Virtual coaching: the benefits of coaching without constraints

September 20, 2021 - 17 min read

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What is virtual coaching?

7 types of coaching

Why should you choose virtual coaching over an in-person experience?

Why is virtual coaching the best option for remote employees?

What you should expect from virtual coaching

What virtual coaching is not

How to choose the right virtual coaching program

What is virtual coaching?

Virtual coaching is any kind of coaching that’s being delivered primarily via an online platform. As the pandemic constrained people's physical movement and video conferencing tools became more commonplace, virtual coaching has become more popular.

But good virtual coaching is more than just talking to someone over a Zoom link.

Even though it’s happening on a digital platform, participants are still coached by a live person. Who that person is, and what their approach is, make a big difference in the effectiveness of the coaching.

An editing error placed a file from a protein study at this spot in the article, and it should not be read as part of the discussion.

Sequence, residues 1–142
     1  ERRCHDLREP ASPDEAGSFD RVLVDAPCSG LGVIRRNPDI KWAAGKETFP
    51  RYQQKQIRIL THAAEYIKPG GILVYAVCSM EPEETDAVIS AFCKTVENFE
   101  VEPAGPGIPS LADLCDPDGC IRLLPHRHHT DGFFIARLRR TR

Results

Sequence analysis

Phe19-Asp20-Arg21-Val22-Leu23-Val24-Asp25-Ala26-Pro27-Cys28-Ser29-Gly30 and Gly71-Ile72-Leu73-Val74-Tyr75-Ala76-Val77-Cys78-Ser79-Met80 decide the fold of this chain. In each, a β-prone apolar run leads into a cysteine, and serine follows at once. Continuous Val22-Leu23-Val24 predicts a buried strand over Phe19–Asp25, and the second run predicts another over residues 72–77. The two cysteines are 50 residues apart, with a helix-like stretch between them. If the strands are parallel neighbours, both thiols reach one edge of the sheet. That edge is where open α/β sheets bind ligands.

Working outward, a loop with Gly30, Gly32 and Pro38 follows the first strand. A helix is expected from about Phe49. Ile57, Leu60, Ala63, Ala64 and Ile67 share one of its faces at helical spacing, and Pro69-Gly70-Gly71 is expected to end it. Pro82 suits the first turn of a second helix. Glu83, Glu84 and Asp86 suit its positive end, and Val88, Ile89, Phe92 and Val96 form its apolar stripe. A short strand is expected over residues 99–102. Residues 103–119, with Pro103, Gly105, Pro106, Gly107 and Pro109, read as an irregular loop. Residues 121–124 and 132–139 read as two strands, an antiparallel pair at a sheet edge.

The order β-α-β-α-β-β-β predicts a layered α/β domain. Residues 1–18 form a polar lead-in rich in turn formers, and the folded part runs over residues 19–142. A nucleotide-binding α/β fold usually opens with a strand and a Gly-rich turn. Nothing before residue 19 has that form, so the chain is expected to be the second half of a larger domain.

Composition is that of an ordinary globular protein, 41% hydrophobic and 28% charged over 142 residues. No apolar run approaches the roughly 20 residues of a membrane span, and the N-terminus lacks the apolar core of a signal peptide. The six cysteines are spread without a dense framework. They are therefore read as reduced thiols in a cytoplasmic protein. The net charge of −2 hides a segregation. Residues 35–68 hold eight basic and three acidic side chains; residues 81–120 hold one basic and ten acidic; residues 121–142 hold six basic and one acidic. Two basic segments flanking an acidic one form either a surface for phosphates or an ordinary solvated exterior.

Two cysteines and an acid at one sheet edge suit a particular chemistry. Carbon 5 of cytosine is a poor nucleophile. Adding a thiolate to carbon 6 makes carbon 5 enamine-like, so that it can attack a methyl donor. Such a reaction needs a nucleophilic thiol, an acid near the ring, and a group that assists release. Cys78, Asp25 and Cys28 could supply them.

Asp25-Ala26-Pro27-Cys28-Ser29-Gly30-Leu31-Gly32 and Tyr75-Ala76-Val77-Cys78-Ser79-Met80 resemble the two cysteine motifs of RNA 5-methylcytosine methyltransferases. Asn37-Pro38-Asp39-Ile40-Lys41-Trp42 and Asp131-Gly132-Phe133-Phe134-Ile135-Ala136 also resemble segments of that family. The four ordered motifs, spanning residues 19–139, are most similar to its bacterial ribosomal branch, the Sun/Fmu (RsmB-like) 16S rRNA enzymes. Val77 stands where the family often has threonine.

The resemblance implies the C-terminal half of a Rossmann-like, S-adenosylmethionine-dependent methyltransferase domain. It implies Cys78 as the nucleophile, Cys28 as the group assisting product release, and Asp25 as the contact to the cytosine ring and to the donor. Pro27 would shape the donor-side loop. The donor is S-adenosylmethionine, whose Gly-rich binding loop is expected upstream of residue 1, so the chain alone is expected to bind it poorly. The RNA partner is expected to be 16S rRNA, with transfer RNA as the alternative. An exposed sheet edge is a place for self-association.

So does the platform, although it is possible to have an effective coaching conversation over just a phone call.

7 types of coaching

Virtual coaching, just like in-person coaching, can be utilized in a variety of ways. There isn’t really a limit to what virtual coaching can do. As long as they have an internet connection, participants can work on any number of skills or areas of development that are important to them.

Here are some of the types of virtual coaches that coachees can access digitally:

Executive or leadership development coaching 

Leadership and executive coaching is great for anyone who’s responsible for managing others. Leadership coaches teach new skills that focus on how to create team synergy, implement new ideas, and deal with interpersonal conflict.